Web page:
Rainmaking Around the World

Rainmaking ceremonies are an important cultural tradition for Indigenous people around the world. This tradition is steeped in bringing life-giving water to the earth, from the canyons of the Americas, to the deserts of Africa and the plains of Australia. Today, we look at several Indigenous groups who practice rainmaking, their beliefs in the ceremonies and why water is considered a sacred element.

For many cultures, a dance to encourage rain is a common practice that stems from age-old  Indigenous history. According to one Sioux Legend,  there was a time when drought had swept the land, impacting people, plants and animals. As Tribes waited for rain, ‘Fear’ crept up. This Fear grew quickly, and children asked their Elders if Fear had forgotten how to play. So, they sang and danced in hopes that Fear would remember. Finally, Fear shed a tear and soon those tears washed over the land to restore rivers, lakes and life.

Even on Native American reservations throughout the U.S., where water can be hard to come by, people gather to honor the Earth with rainmaking ceremonies. Many Tribes continue to practice rainmaking. For example, the Ohlone, Lakota and Cherokee, all practice a rain dance to bring life to the earth. Other times, the dance is done to bring cleansing and renew peoples’ connection to the earth.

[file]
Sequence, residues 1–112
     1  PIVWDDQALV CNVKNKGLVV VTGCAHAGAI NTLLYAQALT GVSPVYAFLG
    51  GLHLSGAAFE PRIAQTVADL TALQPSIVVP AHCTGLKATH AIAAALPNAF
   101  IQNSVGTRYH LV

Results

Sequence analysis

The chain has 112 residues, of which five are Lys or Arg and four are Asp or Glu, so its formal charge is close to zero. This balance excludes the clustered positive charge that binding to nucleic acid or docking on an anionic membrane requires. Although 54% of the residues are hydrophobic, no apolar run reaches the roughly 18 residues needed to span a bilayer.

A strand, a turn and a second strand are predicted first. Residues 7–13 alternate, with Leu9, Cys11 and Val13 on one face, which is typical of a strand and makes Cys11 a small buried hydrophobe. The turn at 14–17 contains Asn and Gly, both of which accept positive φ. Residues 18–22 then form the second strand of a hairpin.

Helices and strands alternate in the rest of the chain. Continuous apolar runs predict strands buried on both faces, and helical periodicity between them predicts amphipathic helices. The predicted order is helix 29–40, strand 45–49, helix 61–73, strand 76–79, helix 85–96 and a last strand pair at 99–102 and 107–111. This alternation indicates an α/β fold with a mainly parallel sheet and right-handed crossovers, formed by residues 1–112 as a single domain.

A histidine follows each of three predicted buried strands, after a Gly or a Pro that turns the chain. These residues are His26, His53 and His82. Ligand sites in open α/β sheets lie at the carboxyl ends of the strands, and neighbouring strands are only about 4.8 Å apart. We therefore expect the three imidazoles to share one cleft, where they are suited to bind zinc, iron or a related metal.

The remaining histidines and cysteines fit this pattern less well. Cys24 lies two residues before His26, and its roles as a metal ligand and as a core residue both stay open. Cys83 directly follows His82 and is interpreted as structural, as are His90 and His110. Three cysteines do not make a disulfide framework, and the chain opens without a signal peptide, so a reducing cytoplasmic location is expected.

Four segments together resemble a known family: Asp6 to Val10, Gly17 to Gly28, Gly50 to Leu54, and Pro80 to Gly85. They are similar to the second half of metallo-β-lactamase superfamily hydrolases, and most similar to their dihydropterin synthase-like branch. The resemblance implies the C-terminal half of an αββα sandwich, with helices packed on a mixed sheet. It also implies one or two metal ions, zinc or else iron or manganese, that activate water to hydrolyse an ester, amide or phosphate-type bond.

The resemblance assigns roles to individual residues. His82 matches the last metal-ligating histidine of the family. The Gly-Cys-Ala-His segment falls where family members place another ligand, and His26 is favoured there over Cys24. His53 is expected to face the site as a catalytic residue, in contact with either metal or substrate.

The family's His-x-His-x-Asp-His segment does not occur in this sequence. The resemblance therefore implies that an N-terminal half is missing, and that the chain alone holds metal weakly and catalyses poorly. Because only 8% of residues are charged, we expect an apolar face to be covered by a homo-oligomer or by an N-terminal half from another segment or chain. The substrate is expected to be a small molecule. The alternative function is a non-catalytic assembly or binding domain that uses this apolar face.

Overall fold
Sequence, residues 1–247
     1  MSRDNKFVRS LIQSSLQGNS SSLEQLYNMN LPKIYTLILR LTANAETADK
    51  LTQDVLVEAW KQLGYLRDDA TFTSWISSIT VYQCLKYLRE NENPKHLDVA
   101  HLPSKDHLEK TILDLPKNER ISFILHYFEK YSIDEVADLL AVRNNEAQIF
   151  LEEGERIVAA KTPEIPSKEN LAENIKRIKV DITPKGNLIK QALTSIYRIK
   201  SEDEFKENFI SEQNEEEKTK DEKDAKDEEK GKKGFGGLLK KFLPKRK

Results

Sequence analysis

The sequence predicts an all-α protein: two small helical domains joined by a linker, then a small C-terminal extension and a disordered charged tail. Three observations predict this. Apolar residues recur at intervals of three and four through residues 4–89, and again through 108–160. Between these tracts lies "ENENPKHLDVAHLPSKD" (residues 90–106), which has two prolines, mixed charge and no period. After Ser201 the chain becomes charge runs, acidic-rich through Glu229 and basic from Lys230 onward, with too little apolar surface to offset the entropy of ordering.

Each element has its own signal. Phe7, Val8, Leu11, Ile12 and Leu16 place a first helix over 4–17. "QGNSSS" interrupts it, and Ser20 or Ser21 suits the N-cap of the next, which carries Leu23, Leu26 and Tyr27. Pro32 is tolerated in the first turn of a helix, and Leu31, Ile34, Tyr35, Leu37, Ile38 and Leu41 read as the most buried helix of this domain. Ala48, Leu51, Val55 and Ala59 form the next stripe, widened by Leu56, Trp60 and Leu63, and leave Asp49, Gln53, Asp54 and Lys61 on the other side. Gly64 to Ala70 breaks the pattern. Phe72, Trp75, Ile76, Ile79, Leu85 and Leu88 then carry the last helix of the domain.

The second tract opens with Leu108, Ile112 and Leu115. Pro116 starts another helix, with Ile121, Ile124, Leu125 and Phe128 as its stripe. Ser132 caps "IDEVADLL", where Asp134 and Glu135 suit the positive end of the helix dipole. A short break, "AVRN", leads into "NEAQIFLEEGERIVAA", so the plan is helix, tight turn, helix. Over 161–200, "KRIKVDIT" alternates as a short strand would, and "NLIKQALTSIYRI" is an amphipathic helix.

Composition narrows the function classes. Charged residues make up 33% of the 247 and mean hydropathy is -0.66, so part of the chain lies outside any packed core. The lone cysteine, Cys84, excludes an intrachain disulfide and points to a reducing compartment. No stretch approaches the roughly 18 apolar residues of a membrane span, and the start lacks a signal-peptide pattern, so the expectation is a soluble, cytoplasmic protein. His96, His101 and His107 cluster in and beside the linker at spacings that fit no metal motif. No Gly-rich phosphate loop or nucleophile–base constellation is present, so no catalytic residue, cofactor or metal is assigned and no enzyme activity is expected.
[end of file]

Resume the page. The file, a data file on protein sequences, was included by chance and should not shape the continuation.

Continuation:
Today, these dances continue to serve as a form of prayer – an invitation or a request for life-giving rain to come back to the land, especially in areas where droughts are common. Water is life, and without it the people would not be nourished, the plants would not grow and the animals would not thrive.

For the Ba-Lovedu Tribe of South Africa, it’s customary to elect Rain Queens who are believed to be able to invoke the rain and give birth to daughters to pass down their rain powers. According to the tradition, when the time of one Rain Queen is over, their eldest daughter steps in to continue the tradition. Different ceremonies are held, depending on the severity of a drought, and the community gathers beforehand to discuss which ceremonies are appropriate.

It can be easy to forget how much of a blessing water is until you don’t have it. These Indigenous traditions help us to remember that water is indeed a precious resource. As aboriginal shaman Putuparri has said, “If you take care of [your] country, it will take care of you.”

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